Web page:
Toward this end, we have developed a tremendous number of important technologies to establish complete visibility, reduce the attack surface, prevent known attacks, and detect and prevent unknown attacks. Four real-time capabilities at the core of the Palo Alto Networks Security Operating Platform are App-ID, which classifies and identifies applications and functions; User-ID, which automatically assigns identity to otherwise anonymous network flows; Host Protection, which provides device posture and exploit and malware prevention; and Content-ID, which performs inspection of content, in order to detect and prevent malicious actions. All of this rich context is made available to be leveraged in our customers’ security policy and decision-making process.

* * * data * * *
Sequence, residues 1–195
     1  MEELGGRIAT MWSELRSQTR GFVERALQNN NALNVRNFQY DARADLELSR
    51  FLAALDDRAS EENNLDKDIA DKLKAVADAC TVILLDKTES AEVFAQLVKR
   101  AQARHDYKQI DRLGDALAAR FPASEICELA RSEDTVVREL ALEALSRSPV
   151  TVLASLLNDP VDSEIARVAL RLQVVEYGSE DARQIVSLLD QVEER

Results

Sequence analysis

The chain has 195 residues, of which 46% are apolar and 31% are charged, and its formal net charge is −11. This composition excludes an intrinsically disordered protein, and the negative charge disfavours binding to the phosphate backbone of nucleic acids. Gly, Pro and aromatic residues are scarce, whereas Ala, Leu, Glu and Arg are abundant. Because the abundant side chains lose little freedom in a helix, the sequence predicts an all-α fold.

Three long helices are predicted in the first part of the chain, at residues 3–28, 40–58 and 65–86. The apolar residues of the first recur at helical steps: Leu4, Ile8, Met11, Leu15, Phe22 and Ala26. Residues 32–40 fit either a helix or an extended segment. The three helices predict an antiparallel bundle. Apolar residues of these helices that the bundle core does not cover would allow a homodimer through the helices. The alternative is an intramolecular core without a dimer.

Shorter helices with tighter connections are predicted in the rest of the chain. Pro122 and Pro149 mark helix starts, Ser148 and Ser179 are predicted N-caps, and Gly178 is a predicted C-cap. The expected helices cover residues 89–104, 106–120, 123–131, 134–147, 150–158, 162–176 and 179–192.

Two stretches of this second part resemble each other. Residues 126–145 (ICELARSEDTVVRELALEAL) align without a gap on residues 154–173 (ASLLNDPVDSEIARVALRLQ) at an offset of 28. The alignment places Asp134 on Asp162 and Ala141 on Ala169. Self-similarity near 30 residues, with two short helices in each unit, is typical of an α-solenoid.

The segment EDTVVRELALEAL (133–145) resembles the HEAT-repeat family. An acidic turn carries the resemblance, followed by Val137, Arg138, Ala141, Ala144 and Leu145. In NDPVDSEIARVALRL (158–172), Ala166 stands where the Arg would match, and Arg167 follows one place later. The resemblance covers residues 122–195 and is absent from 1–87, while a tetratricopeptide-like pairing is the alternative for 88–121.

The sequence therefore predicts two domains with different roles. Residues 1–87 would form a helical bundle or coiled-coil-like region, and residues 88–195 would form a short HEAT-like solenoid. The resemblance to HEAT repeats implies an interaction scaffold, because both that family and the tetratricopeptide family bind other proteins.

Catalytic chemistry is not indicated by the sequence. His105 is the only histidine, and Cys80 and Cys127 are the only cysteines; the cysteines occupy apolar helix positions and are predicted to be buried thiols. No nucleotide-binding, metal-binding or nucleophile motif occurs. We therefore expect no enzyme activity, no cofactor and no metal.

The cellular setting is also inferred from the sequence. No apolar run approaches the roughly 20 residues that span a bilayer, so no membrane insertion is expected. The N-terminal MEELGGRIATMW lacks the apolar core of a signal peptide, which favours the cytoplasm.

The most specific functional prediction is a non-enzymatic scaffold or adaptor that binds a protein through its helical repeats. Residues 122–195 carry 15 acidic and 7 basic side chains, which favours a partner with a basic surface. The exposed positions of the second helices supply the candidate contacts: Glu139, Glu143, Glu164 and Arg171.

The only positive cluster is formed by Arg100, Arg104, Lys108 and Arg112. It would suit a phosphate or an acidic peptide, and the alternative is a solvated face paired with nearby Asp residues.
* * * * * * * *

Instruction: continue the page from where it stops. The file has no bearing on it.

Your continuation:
As part of our customers’ journey to the cloud, we believe that the same Zero Trust philosophy toward security is mandatory, whether that means building their own applications in the cloud with IaaS and PaaS services or consuming pre-built cloud applications through SaaS. Google shares many of the same beliefs, as implemented in BeyondCorp, a framework for securing apps and infrastructure based on the principles of Zero Trust.